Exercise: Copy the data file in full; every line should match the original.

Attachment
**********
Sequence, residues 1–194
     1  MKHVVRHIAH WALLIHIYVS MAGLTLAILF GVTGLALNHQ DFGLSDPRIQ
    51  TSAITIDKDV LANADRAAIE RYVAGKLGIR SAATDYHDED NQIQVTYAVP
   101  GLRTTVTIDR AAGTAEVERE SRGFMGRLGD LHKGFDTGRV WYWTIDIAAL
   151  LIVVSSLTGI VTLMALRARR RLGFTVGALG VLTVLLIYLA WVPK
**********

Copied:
Sequence, residues 1–194
     1  MKHVVRHIAH WALLIHIYVS MAGLTLAILF GVTGLALNHQ DFGLSDPRIQ
    51  TSAITIDKDV LANADRAAIE RYVAGKLGIR SAATDYHDED NQIQVTYAVP
   101  GLRTTVTIDR AAGTAEVERE SRGFMGRLGD LHKGFDTGRV WYWTIDIAAL
   151  LIVVSSLTGI VTLMALRARR RLGFTVGALG VLTVLLIYLA WVPK